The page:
"The war was won by the US, whose current president has split the nation in half as never before. He threatens the countries, people and cultures he doesn’t like every day, and he wants to build a wall between North America and Mexico. "
"What about Russia?"
"It is led by a man who demonstrates that he has no respect for human rights and democracy, while his government, like the US too, systematically intervenes within foreign elections, to divide and create chaos to his advantage."
"Go ahead," exclaims the ghost of a woman next to the boy.
"Forgive me," says Claudia with her eyes getting wet. "I’m sorry, I’d like to give you good news. I’d like to tell you that the Nazis are gone, but they’re not. They are everywhere, they have different faces, new ways of speaking, and in some countries they sit in parliament too. And although they use other names and symbols, their racist and inhuman message is the same. Some are in the government of my country, today, as in Austria... yes, just where he was born, but also in Hungary and Brazil. Even here in Poland... yes, I know, it's crazy, it's incredible, but it's all true. This is the real absurdity, not the ghosts before me, who I am speaking with at this very moment, but the reality behind me. "
"What about the Jews?" Asks an old man from the bottom of the crowd. "Are they still persecuted?"
"No, but every age has its favorite victims. Today they are migrants."
"Who are them?" The boy asks.
"Migrants are human beings who are discriminated and humiliated, sacrificed and exploited, killed or left to die, just as happened to you."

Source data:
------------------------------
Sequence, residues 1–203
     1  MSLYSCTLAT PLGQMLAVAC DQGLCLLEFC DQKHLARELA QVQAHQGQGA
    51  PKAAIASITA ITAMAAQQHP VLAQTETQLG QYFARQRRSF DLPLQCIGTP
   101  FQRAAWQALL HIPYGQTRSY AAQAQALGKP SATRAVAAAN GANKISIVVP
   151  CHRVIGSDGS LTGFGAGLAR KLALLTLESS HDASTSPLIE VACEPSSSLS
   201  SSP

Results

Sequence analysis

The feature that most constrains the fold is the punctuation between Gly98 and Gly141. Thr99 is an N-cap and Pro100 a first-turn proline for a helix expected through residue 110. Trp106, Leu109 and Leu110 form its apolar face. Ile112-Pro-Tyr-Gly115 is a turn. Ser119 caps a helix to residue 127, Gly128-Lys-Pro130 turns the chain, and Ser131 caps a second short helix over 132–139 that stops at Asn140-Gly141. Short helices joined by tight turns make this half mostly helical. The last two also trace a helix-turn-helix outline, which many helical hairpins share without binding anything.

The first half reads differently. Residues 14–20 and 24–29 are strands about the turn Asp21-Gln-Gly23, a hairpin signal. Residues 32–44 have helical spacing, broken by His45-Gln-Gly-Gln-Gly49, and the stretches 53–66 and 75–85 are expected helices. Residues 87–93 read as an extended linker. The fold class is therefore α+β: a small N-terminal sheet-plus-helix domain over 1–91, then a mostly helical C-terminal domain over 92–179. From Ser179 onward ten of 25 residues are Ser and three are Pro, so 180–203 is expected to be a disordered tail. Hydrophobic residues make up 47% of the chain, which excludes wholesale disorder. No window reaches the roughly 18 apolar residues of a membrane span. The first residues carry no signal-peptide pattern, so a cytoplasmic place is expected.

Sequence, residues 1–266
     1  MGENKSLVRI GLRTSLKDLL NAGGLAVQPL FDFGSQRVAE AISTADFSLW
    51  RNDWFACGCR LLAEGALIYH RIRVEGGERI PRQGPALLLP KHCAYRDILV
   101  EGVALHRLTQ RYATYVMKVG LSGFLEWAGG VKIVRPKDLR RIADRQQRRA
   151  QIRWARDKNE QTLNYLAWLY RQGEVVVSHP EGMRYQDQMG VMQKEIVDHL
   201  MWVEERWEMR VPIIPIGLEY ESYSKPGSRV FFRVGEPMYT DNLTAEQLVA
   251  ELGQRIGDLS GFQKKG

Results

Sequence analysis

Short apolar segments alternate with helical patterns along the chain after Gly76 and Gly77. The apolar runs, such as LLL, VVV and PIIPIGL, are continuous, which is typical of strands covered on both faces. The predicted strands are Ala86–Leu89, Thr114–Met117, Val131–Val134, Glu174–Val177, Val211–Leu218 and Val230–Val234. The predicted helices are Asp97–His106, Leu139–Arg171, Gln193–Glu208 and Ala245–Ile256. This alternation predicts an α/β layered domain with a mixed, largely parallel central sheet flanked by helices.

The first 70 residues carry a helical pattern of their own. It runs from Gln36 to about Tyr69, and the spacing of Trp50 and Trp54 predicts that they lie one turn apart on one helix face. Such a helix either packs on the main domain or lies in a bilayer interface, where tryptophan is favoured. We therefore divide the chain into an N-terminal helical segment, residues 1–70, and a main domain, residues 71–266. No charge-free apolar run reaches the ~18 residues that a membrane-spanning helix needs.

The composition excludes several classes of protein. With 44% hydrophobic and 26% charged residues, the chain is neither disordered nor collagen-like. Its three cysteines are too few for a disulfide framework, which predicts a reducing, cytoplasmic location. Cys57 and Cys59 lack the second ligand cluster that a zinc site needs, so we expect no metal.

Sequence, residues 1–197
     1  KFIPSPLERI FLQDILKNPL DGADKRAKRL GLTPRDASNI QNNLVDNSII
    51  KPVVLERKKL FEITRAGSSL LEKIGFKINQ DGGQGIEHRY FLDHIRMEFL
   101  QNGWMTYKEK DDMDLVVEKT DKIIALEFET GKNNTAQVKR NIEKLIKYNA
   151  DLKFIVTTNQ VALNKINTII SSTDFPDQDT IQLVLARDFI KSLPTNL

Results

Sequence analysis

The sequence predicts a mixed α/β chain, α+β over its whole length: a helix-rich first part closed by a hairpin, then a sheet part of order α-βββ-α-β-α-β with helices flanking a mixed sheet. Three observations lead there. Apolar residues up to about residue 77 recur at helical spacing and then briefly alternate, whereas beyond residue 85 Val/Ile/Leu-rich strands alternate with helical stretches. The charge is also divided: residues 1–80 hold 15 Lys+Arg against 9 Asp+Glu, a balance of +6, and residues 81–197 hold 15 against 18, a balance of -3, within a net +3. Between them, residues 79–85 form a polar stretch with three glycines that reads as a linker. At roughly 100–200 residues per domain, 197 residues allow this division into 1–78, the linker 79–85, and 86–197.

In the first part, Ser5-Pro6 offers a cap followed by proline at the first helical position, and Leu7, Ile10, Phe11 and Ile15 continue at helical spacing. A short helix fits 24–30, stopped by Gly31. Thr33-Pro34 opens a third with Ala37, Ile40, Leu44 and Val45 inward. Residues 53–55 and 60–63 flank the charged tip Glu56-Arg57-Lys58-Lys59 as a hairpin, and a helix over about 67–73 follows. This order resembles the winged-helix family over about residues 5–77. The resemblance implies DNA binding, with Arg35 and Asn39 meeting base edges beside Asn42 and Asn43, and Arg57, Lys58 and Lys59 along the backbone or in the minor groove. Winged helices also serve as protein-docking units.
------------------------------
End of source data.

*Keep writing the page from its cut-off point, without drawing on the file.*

"If they are not Jews," asks a child making his way between the boy and the woman. "What do they accuse them of?"
"Of being what they are, just migrants, people who try to survive the best by leaving their land for the new one."
"Did the Jews come to the promised land?"
"Not all, now they are scattered around the world, but those in Israel live under a government that does everything to be at war with the nearest and, despite what both sides might say, most similar people on earth: the Palestinians. "
Claudia is almost out of breath and her voice is exhausted by tears that she has hardly held back. I have no right to show tears in the face of their pain, she thinks to give herself strength.
"But please, get out of here," she adds a moment later. "You’re free, now."
"No," the boy answers immediately and with strenuous firmness, speaking also in the name of the others. "We are free, but you are not at all. And facing the great tragedy that happened here you made the worst choice."
"Which one?"
"On the altar of the offers at your disposal, on one side there were us, the dead and our illuminating stories which to learn from and on the other the field itself, with its instruments of torture and its obtuse enclosures. Well, you have chosen to let the latter survive."
“Now we are in the concentration camp,” Claudia thinks, "not you."
So, as if it were the most natural thing in the world, she crosses the threshold and joins the ghosts.
There is still time before the day after, there is time to go back to the hotel, there is time to listen and understand better what we lost.
Because, despite everything, fortunately for us, even if it will not be forever, we are still on time.